As we plan recovery from one of the most disrupted years in modern history, educators are taking pause to make the best choices about what to do next. For every teacher who craves a return to normalcy, there is another who begs their colleagues to reimagine a different future of education. Both camps, from “let’s get back to normal” to “let’s reimagine everything,” are motivated by a common interest: we want to do what works best.
Years ago, I faced a similar dilemma in my classroom. As a teacher, I was certain that project based learning (PBL) would work best for my students. It added relevance to learning that really seemed to resonate with my students. My middle schoolers and I consulted community experts, dabbled in new technology, and threw ourselves into creative projects that leveraged collaboration. Their engagement soared. When it came to projects, we dazzled. But when it came to mastering language arts standards, I worried that we had fizzled.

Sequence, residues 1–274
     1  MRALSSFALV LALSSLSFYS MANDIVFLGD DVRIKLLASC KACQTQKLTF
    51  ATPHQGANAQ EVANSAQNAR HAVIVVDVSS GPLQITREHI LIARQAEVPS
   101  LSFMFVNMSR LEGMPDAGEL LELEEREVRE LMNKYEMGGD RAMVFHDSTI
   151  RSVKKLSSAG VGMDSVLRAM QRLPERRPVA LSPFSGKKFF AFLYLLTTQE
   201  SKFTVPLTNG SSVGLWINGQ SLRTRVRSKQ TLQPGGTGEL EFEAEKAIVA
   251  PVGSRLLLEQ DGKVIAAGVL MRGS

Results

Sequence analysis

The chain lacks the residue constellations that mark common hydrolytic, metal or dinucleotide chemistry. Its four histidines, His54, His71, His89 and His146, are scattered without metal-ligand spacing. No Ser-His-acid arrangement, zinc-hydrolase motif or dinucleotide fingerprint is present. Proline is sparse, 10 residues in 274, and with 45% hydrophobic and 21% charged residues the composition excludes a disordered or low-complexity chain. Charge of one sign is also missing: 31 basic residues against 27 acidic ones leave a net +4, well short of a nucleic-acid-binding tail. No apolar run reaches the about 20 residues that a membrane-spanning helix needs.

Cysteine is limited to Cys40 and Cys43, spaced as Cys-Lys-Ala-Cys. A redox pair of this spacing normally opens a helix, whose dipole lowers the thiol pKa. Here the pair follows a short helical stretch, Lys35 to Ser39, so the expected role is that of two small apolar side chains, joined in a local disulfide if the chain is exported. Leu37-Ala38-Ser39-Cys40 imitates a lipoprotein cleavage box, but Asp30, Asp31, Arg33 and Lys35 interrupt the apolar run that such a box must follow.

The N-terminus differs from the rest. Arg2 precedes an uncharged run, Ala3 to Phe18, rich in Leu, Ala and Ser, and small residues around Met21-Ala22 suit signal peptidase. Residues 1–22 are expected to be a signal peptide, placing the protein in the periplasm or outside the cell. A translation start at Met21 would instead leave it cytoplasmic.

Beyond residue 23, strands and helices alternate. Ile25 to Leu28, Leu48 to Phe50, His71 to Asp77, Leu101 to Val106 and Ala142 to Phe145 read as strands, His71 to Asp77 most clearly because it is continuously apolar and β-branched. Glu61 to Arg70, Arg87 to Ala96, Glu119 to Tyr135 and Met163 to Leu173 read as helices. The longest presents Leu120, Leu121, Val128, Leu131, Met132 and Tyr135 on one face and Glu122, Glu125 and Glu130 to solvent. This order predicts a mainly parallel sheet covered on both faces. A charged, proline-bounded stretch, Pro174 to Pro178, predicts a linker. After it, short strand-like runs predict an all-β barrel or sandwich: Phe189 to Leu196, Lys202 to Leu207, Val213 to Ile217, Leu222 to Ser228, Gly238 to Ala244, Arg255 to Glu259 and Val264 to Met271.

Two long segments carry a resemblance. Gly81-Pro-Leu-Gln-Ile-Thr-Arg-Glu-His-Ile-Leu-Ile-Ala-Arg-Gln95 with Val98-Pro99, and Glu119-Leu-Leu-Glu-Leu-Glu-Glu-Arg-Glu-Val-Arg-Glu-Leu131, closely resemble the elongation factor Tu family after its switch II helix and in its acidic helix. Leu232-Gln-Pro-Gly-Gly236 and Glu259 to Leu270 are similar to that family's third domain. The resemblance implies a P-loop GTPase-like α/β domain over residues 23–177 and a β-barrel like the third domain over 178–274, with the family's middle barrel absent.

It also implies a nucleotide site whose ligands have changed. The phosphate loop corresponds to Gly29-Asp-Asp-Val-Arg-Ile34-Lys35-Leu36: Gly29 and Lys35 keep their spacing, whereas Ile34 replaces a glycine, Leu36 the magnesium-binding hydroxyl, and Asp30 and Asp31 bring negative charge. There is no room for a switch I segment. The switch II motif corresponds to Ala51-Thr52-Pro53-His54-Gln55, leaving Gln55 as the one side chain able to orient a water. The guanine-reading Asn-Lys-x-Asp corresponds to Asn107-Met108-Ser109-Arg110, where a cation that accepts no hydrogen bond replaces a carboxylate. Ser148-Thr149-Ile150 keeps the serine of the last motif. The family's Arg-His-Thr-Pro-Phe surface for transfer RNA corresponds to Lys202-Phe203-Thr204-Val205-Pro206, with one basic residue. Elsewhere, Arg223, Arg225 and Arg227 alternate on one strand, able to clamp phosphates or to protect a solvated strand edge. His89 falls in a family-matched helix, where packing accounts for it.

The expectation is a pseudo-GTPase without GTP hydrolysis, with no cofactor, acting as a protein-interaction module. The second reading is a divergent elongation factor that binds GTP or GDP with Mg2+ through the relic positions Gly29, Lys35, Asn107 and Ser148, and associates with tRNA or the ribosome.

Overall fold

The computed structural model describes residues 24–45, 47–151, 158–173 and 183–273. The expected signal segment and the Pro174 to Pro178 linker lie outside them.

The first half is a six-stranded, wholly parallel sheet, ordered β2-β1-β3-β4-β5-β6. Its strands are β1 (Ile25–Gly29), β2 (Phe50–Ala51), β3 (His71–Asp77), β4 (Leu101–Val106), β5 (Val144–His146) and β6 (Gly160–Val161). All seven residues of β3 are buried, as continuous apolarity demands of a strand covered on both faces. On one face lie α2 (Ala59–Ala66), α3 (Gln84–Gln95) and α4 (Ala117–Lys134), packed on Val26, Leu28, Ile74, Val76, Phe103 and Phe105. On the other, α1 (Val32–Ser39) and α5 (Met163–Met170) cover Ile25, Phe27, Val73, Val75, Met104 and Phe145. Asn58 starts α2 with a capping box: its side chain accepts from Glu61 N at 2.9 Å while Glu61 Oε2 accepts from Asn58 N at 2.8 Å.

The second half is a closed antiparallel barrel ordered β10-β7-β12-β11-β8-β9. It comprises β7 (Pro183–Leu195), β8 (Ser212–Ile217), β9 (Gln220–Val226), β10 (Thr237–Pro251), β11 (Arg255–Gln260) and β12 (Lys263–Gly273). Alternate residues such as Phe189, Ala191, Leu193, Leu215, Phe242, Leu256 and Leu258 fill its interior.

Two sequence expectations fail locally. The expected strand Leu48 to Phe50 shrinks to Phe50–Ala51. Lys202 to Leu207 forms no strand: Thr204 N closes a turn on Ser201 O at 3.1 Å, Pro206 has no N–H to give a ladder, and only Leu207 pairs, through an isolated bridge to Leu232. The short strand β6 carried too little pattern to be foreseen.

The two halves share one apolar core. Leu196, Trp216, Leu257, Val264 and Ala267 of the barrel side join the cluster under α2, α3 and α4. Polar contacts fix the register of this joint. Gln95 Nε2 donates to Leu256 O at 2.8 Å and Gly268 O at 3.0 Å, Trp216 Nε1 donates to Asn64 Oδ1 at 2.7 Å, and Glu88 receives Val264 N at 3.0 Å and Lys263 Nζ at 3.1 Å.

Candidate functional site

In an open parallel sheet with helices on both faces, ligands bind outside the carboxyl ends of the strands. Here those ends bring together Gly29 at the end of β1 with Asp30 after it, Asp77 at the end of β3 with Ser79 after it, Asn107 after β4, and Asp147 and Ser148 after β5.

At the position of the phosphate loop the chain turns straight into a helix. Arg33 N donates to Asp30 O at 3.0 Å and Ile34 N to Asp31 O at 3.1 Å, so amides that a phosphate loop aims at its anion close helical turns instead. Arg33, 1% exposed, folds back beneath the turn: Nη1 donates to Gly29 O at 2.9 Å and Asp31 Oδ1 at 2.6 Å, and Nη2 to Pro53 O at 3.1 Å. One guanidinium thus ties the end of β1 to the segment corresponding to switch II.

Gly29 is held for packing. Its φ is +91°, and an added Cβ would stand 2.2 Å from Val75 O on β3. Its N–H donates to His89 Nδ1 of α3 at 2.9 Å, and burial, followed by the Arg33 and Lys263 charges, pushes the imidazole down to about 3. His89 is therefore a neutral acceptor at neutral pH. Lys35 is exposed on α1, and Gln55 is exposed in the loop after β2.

It’s not to say my students didn’t learn anything; they certainly did. However, examining the progress they made in relation to language arts standards was not something we regularly did together. Many of my students came to my class far behind grade level expectations in their reading and writing skills. Some came to me far advanced as well. How much language arts growth did my students make during their time building cool projects in my class? I couldn’t tell you. Neither could they. Ouch.
Herein lies a tension with some teachers and school systems regarding project based learning ideas. When students come to our classes years behind in relation to grade level standards, incorporating an authentic purpose can feel like a luxury we can’t afford. That feeling is only exacerbated by headlines warning of learning loss after a year of pandemic shut-downs.